In English we have been reading All Quiet on the Western Front and have just finished it up. Currently, AP Euro has been easing into World War I, the subject of the novel. One of the assignments given to us in English was to create a found poem drawing words and phrases from “Dreamers,” “The Conscript,” “Break of Day in the Trenches,” and “Dulce et Decorum Est.” The picture above was what my group came up with.
The poem says,
What do you see in our eyes?
Firelit homes, clean beds, and wives?
The old lie, “Dulce et decorum est pro patria mori” limps on.
The bodies of men drop and are ever dropping,
Guttering, choking, and drowning.
A devil’s sick of sin,
Of mangled limps, blind eyes, or a darkened brain.
Before my helpless sight, I shudder as I see,
Cadaverous citizens of death’s gray land.
To children ardent for some desperate glory,
Now you have touched the shrieking iron and flame.
I found a great pleasure in doing the found poem. It was enjoyable to take words and phrases and completely change the meaning. Many of our lines were combining two separate phrases such as “Now you have touched the shrieking iron and flame.” From “Break of Day in the Trenches” we combined, “Now you have touched this English hand,” and “At the shrieking iron and flame.”
The main idea we wanted to incorporate was the incredibly harsh realities of war. All Quiet on the Western Front is a great read for some gruesome imagery and descriptions from the viewpoint of a soldier. The narrator, Paul, repeatedly expresses this type of separation from those the first hand experiences on the front lines and those without. It’s something that ordinary civilians or new recruits would not understand. It reminds me of this scene in Attack on Titan (excuse the excessive amount of references) when the new recruits of the 104th trainees squad were receiving their first assessment from the instructor. Keith Shadis went around to the recruits screaming at them calling them worse than cattle and other patronizing insults. According to one of the older members, it was a “rite of passage” to make the new recruits abandon who they were and have them be built up from the ground as pure soldiers. However, the instructor skipped some people because they have already received their “rite of passage” by most likely having already experienced the horrors of the titans. The main character who watched his mother be eaten was of those people. “You can see it in their eyes,” mentioned the older member.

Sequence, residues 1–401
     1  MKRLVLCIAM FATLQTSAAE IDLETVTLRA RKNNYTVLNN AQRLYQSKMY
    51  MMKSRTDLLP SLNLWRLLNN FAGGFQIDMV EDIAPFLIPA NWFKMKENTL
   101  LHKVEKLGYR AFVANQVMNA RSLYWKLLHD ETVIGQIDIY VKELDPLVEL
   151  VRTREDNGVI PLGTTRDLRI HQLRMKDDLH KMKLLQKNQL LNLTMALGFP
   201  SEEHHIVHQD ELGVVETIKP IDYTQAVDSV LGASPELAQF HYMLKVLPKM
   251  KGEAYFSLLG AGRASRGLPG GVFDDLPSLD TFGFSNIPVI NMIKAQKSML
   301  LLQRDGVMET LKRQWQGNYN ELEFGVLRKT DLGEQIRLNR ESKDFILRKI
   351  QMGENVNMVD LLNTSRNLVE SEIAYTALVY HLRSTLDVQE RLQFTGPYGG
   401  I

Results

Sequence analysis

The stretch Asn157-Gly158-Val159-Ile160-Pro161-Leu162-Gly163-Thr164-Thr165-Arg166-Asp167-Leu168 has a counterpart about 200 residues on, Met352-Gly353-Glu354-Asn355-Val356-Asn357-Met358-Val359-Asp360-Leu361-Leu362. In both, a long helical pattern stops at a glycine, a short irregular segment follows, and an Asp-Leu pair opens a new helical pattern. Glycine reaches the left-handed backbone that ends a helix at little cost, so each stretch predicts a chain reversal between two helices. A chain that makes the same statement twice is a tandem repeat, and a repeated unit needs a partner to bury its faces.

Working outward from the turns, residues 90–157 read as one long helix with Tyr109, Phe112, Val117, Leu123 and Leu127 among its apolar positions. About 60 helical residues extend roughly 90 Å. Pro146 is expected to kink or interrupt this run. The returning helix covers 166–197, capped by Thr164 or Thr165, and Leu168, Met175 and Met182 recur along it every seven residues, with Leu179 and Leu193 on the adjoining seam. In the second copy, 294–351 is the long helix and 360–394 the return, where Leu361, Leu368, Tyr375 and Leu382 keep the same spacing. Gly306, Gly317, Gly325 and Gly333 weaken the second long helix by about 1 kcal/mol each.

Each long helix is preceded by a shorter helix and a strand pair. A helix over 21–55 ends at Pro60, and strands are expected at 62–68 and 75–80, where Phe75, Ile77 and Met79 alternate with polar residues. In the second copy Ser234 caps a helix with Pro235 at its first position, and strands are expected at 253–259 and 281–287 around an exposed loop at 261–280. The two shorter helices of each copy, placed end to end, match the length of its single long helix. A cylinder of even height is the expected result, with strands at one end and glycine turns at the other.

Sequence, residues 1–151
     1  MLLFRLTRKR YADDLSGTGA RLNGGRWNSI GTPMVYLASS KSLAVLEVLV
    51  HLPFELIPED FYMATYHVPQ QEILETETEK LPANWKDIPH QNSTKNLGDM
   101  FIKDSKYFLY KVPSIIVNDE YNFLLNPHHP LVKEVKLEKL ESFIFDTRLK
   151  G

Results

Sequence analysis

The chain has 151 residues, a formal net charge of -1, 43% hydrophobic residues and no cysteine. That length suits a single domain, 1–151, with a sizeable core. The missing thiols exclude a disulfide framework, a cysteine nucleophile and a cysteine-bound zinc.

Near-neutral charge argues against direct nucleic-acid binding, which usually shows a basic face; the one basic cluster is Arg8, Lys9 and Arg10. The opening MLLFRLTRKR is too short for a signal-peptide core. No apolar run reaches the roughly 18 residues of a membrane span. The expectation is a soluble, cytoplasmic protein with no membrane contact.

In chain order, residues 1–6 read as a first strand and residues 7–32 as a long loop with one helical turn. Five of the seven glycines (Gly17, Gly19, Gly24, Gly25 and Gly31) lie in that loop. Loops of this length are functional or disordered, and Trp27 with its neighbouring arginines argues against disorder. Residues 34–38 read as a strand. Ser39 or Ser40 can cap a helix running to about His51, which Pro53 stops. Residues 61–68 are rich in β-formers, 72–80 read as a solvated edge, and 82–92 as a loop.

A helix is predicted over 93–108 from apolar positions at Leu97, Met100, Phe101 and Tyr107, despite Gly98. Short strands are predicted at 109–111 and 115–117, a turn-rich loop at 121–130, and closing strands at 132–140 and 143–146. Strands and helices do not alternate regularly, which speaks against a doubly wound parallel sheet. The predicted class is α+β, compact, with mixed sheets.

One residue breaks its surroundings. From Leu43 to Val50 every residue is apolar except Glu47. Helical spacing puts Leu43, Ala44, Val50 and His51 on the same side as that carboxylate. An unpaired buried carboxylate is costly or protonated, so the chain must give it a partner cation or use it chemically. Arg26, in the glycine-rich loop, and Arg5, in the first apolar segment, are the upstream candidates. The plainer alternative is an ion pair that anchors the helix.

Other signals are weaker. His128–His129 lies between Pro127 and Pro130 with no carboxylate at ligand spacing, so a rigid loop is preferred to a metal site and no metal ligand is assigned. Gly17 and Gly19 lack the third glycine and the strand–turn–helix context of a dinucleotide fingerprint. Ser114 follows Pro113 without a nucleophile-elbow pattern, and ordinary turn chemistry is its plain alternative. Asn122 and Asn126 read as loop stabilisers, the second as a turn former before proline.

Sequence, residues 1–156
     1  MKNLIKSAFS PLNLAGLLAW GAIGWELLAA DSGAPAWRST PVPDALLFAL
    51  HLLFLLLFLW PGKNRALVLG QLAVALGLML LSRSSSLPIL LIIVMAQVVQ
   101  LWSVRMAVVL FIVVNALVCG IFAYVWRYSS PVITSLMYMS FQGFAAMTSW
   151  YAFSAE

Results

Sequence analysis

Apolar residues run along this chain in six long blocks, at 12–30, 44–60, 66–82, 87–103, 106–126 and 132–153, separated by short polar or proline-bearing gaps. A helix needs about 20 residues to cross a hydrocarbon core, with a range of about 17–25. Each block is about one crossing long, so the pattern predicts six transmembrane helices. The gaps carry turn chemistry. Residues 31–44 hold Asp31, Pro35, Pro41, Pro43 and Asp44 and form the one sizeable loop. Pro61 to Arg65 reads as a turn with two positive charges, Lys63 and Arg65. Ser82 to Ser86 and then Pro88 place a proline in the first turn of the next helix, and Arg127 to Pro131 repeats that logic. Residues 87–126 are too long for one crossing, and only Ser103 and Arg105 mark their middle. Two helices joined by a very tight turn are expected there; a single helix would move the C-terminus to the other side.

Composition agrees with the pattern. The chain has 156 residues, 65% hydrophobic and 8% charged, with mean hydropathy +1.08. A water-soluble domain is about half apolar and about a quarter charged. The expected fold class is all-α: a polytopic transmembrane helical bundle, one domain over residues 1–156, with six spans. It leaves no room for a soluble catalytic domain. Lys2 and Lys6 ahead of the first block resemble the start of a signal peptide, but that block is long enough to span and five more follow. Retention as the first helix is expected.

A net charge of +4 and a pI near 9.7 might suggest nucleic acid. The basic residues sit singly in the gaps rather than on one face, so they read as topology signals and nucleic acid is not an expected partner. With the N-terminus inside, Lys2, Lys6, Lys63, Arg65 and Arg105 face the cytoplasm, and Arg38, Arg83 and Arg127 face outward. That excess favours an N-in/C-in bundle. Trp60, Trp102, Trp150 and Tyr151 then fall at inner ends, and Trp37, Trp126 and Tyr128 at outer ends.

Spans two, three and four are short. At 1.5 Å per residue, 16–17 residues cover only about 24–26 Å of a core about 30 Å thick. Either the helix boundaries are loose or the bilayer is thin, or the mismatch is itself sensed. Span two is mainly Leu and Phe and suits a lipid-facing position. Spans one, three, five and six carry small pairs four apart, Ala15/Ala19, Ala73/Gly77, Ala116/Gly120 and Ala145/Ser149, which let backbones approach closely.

And so, our poem takes the viewpoint of a veteran soldier speaking to some youngins and shattering their inaccurate glorification of fighting a war. Lines of imagery such as “Guttering. choking drowning,” shows remnants of possible PTSD that the soldier may be suffering with. The images are still replaying in his head, something not able to easily be forgotten. We derived the “What Do You See?” title from this concept. One of my favorite lines, “A devil’s sick of sin” shows that even Satan himself would be overwhelmed and sickened by the amount of killing and bloodshed occurring on the battlefield. It became that bad. The word choice “shrieking” is used as if the iron and flames are even asking for help.
Artistically, we chose to draw half of the head with a focus on the eyes, relating to the title and for me, the idea of a certain look in your eyes that develop from the traumatic experiences. The “shrieking iron and flame” are represented in the eyes and give it a sort of hypnotized look, adding on to the PTSD references. In addition, the poem is depicted on his helmet to show the mental struggles. In the novel, the main characters were fighting for the German army and so we decided to add the German flag in the background to make the image pop and add some more color. The iron also in the shape of a cross for the German Iron Crosses.
Overall, I am quite fond and satisfied with our final look and presentation.